Peak Past: Who Put the ‘Elbert’ In Mount Elbert?

September 9, 2021
Mount Elbert and horses, taken from the Lake Fork Mobile Home Park near C-300, about five miles SW of Leadville.

In addition to being the highest peak in the Rocky Mountains of North America, Mount Elbert (14,440') is also the second-highest peak in the continental U.S., behind California's Mount Whitney (14,505').Mount Elbert and horses, taken from the Lake Fork Mobile Home Park near C-300, about five miles SW of Leadville.

In addition to being the highest peak in the Rocky Mountains of North America, Mount Elbert (14,440') is also the second-highest peak in the continental U.S., behind California's Mount Whitney (14,505').David Herrera, Wikimedia Commons
Mount Elbert and horses, taken from the Lake Fork Mobile Home Park near C-300, about five miles SW of Leadville. In addition to being the highest peak in the Rocky Mountains of North America, Mount Elbert (14,440') is also the second-highest peak in the continental U.S., behind California's Mount Whitney (14,505').

The following is part of KRCC's 'Peak Past' essay series.

“Elbert" is just a guy. Just some guy, who happens to be the namesake of Colorado’s highest Fourteener, all 14,440 feet of it. 

Samuel H. Elbert, was born in Ohio in 1833. He started a law practice in Nebraska in his twenties. He was invited to the Republican National Convention in Chicago in 1860. It was at this convention, in Chicago, that Elbert became associated with Abraham Lincoln, and friends with Colorado’s first Territorial Governor, Dr. John Evans. Elbert followed Evans to Colorado as the state’s first Territorial Secretary, a position he held until 1867. 

In the late-1860s and early-1870s, in the areas near what’s now known as Leadville, the Utes threatened war after an illegal flood of miners made their way onto an officially-designated Ute reservation.

In spring 1873, Army Major General John Pope issued the San Juan Order, and called for the “removal of all unauthorized persons, a.k.a. the miners, from the Ute Reservation by government troops.

Meanwhile, President Ulysses S. Grant appointed Elbert to be Governor of Colorado Territory. Grant visited Colorado not long after and met with Ute leaders. Elbert advocated for the miners, after which the San Juan Order was rescinded.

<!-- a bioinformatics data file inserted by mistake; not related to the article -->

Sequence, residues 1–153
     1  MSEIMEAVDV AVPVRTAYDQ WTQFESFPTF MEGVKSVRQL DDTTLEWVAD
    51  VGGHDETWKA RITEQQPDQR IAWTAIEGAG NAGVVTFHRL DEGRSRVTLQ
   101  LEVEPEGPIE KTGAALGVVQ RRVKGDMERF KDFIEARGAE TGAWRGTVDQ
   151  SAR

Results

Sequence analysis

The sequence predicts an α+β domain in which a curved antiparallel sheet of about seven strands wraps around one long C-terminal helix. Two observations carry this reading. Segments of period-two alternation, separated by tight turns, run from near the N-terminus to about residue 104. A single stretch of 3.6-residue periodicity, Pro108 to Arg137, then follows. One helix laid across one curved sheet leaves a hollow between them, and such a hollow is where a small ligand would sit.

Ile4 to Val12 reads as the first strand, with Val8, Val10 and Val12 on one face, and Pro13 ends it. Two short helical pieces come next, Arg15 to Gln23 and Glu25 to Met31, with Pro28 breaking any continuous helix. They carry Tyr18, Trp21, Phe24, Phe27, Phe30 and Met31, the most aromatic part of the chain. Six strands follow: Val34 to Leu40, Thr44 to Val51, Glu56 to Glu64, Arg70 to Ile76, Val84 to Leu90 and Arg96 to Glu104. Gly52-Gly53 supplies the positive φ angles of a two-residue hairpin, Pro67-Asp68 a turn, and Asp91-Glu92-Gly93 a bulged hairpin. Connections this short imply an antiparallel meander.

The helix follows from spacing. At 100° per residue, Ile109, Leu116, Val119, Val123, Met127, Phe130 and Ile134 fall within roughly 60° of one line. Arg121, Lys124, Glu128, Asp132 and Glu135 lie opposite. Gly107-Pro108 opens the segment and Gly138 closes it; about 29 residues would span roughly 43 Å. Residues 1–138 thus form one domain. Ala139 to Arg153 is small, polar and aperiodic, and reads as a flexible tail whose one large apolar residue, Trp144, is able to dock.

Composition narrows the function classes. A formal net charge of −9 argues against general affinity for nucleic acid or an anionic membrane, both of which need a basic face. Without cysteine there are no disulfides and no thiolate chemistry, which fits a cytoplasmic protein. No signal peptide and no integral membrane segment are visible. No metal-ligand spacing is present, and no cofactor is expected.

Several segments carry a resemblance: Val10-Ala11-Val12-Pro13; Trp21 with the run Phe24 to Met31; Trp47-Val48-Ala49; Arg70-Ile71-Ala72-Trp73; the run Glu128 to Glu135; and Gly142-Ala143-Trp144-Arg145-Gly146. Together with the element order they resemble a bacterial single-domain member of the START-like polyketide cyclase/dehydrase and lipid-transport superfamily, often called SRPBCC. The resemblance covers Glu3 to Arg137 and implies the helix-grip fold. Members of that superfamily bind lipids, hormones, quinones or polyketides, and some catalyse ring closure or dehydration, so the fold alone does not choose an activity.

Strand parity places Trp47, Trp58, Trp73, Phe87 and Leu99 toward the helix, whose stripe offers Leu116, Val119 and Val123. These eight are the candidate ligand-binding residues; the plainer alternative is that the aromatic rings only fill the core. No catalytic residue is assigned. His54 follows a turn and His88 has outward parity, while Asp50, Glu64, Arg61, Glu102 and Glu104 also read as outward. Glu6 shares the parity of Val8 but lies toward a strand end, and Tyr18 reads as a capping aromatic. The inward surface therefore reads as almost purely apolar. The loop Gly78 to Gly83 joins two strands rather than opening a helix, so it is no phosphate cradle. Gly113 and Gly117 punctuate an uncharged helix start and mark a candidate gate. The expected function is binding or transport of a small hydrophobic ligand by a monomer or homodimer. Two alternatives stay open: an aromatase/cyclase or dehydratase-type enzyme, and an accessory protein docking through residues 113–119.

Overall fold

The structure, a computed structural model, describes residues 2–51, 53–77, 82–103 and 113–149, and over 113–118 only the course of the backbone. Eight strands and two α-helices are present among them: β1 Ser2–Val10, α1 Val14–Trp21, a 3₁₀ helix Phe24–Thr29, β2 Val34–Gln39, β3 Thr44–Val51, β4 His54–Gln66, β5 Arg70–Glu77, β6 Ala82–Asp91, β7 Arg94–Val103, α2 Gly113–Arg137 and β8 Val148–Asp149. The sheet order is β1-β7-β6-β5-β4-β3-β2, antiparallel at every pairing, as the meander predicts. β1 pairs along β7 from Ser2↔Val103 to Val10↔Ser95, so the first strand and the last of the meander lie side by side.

image courtesy of the National Park Service
Colorado-Utah map illustrating the stages of Ute removal from southwestern Colorado (Delaney, 1974).

The U.S. government set aside and disregarded the sovereignty of the Utes, and the way for mining was cleared. 

That fall, an official Ute delegation, including Chief Ouray and his wife Chipeta, went to Washington to negotiate what became known as the Brunot Agreement. Signed in 1873, it was approved by Congress in 1874, and took back about 6,000 square miles of Ute land for mining in exchange for modest compensation. 

So the miners got their way.

And on a little tin plate near Twin Lakes at the base of the mountain, a miner scratched, “Elbert Peak, named and dedicated to our Governor for the interest which he manifested in our behalf in having the San Juan Order rescinded.” 

And so it was.

Until our next mountainside chat—be good, be well, and no matter what, climb on.

Peak Past (formerly Peak Perspectives) is a weekly segment written and voiced by Matt Cavanaugh, a lieutenant colonel in the U.S. Army and a resident of Manitou Springs where he lives with his wife and two young children. Through his writing, Cavanuagh explores life in the Pikes Peak region, including the gradients and subtleties of our lives in the shadow of America's Mountain. 

You can find more work by Cavanaugh here.

KRCC's Abigail Beckman manages the "Peak Past" series. The opinions expressed in this publication are those of the authors. They do not purport to reflect the opinions or views of KRCC or Colorado Public Radio.

Peak Past is sponsored by Gold Hill Mesa.

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